July 27, 2011

Blackberry-Lime Dessert Bars

Remember those Brown Butter Peach Bars that were all the rage in the food blogosphere a couple summers ago?  Well, the thing is, once you make them, you keep thinking about them and you're bound to do something with the recipe again.

For those of you who may have missed it, I'll catch you up: it's a recipe from Big Sur Bakery that was featured in the New York Times Dining Section. It's a two-day process, and the steps include making peach jam and browning two separate batches of butter.  One batch is frozen and then cut into flour and powdered sugar for the crust, the other is used for the filling.  The end result is buttery, ooey-gooey, citrusy-peach deliciousness on a sandy-delicious shortbread crust.  They truly are some sort of amazing. 

It's been a year since my first attempt with Brown Butter Peach bars.  Last week I found myself with a little more than a pint of freshly made blackberry jam and a hankering for some buttery-sweet pastry.  What else was I to do?

Take a perfectly good recipe, and make it better. Oh, yes, I did.

You may remember that my only beef with the original bars was that the orange in the jam and filling overpowered the peach a little bit.  So not only did I substitute blackberry for the peach, I substituted lime for the orange and dialed back the citrus quite a bit.  Also, I didn't bother with browning the butter for the crust (gasp).  Yes, I know, the whole point of a "Brown Butter Peach Bar" is the brown butter and the peaches (well, no, if it were the peaches, they wouldn't have put so much citrus in them); hence, the name change, "Blackberry Lime Dessert Bars."  The crust browns in the oven, and in the summer heat when I'm in the mood to bake, I am in the mood to bake right then, not to brown some butter and freeze it overnight and see if I'm still motivated the next day.  So I skipped browning the butter. And I skipped the vanilla bean too.  I just didn't feel like another flavor element was necessary (and I didn't feel like finding the right knife to scrape the seeds out of a vanilla bean).  I admit it, I've completely bastardized their recipe, but you know what, I think these Blackberry Lime Dessert Bars are every bit as amazing as the Brown Butter Peach Bars. And since this streamlined version takes a little less time, well... You might as well try it and let me know what you think.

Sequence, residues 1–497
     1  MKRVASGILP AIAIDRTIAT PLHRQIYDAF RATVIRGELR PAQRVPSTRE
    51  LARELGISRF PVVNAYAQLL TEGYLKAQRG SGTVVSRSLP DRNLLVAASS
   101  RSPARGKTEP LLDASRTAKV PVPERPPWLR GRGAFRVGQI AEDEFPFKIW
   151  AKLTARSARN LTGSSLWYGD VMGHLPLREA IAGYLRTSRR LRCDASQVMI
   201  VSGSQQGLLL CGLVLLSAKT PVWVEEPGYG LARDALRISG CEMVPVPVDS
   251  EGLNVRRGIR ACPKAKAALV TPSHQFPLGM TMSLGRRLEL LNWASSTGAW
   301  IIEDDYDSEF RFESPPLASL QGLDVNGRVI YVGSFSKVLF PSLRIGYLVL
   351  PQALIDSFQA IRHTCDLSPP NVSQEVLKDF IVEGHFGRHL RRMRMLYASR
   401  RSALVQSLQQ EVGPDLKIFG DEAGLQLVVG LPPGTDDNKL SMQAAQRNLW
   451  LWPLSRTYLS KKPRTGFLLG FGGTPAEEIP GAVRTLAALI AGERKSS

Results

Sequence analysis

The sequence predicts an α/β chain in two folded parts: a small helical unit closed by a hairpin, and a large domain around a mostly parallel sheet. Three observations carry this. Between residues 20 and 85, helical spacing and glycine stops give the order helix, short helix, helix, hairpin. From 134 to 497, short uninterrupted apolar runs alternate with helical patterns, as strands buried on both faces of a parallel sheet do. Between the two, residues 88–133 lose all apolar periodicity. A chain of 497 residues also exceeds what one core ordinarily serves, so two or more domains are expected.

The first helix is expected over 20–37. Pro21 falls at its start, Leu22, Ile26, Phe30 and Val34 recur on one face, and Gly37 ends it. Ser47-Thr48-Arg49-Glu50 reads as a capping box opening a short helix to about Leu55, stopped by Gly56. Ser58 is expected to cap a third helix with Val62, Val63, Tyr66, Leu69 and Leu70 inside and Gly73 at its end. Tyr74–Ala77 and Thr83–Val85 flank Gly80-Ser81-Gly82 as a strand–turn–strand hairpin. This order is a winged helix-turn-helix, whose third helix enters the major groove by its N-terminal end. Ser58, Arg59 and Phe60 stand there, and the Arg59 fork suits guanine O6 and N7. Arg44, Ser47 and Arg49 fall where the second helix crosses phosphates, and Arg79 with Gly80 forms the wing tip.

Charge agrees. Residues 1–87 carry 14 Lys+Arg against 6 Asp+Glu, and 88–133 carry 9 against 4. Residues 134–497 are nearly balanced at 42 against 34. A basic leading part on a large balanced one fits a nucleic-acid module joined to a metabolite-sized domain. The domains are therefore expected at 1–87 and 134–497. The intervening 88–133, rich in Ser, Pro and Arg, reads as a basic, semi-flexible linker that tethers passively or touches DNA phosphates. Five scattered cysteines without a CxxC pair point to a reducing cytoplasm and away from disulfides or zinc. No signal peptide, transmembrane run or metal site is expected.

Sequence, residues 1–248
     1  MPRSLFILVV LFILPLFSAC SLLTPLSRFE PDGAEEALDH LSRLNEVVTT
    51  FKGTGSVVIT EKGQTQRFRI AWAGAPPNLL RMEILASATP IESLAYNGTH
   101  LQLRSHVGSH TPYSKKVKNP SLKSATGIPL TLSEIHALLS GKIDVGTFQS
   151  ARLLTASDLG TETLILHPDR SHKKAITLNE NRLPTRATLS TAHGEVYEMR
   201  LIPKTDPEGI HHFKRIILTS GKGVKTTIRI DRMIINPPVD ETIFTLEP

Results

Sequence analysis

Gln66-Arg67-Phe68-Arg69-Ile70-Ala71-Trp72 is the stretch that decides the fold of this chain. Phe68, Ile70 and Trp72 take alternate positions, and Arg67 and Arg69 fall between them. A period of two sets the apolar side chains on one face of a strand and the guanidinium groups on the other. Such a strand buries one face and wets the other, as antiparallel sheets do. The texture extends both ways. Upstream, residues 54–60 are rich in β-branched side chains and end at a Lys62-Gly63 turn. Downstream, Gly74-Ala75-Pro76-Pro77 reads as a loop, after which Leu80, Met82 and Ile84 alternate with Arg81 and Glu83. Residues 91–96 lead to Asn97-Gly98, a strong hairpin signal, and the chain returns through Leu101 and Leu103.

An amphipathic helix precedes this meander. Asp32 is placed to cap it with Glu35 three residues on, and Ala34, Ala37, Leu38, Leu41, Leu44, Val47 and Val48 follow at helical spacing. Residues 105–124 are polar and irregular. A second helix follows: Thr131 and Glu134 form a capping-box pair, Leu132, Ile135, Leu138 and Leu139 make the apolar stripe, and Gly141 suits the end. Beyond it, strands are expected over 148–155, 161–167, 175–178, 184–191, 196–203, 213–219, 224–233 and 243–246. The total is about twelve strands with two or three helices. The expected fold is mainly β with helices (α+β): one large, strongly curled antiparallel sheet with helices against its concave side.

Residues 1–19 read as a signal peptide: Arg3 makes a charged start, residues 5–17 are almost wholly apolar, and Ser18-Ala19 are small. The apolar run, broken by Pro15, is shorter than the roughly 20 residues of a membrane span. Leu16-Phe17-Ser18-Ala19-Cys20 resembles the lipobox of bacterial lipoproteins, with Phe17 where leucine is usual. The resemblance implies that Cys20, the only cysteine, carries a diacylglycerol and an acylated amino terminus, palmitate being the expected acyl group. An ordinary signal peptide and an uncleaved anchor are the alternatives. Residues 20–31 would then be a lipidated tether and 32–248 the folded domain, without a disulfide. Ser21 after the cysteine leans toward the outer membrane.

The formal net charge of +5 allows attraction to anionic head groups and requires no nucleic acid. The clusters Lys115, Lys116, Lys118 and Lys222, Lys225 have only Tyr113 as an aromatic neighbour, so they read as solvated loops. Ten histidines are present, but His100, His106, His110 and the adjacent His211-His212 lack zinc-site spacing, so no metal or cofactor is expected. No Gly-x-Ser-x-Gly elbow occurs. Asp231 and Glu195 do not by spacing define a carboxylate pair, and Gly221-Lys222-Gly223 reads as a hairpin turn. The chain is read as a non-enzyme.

While the peach version seems at home as an indulgent breakfast pastry, this version strikes me more as dessert.  I served it to dinner guests in small squares topped with vanilla ice cream.  The vanilla ice cream pairs with the tangy lime, the summery blackberries and the buttery crust to make you want to sit out on the patio for just a little while longer. Of course, we had leftovers, and those we ate as snacks... and a couple of them were "pre-breakfast snacks."

Yes, I made my own jam, but you could certainly use a good purchased jam.  (And for that matter, you don't even have to do blackberry, but I really like the blackberry-lime combination.)  In fact, this recipe would be a great place to showcase a really good jam.

And finally, yes, I am leaving you with a naked lime, but I'm sure you can figure out something to do with the juice.

Blackberry-Lime Dessert Bars
Adapted from the Big Sur Bakery via The New York Times
A buttery, melt-in-your-mouth, perfectly-sandy shortbread crust, topped with a sweet-tangy, summery blackberry-lime, just-barely-crusty, bright-citrus-kissed... You get the point.
Makes about 30-36 bars (one 13x9" pan).

For the Crust

1 cup (2 sticks) unsalted butter, cut into small cubes
1/2 cup confectioner (powdered) sugar
1 cup whole wheat pastry flour
1/2 cup all-purpose flour

For the filling/topping

10 tablespoons unsalted butter
1 pint (2 cups) seedless blackberry jam*
zest of 2 limes, plus the juice of 1 lime
3 teaspoons vanilla extract, divided
3 eggs
1 cup sugar
1/2 cup all-purpose flour

1.  Make the crust:  In a medium bowl, stir together confectioner sugar and flours.  Cut in 1 cup butter using a pastry blender, two knives in a criss-cross motion, or your fingers.  When butter is evenly distributed, press crust into an ungreased 13x9" glass baking dish.  The crust does not need to go up the sides, just evenly cover the bottom of the pan and press it firmly.  Refrigerate crust 30 minutes.  Then bake at 375º for 18 to 20 minutes.  Crust should be golden.  Let crust cool at least 30 minutes before filling.

2.  Melt 10 tablespoons butter in small saucepan over medium heat.  Watch butter carefully as it browns.  Remove from heat when it smells nutty and is nicely browned, before it burns.  Let cool.

3.  Put jam into a small mixing bowl (and bring to room temperature if refrigerated).  Stir in juice of 1 lime and 2 teaspoons vanilla extract.  Set aside.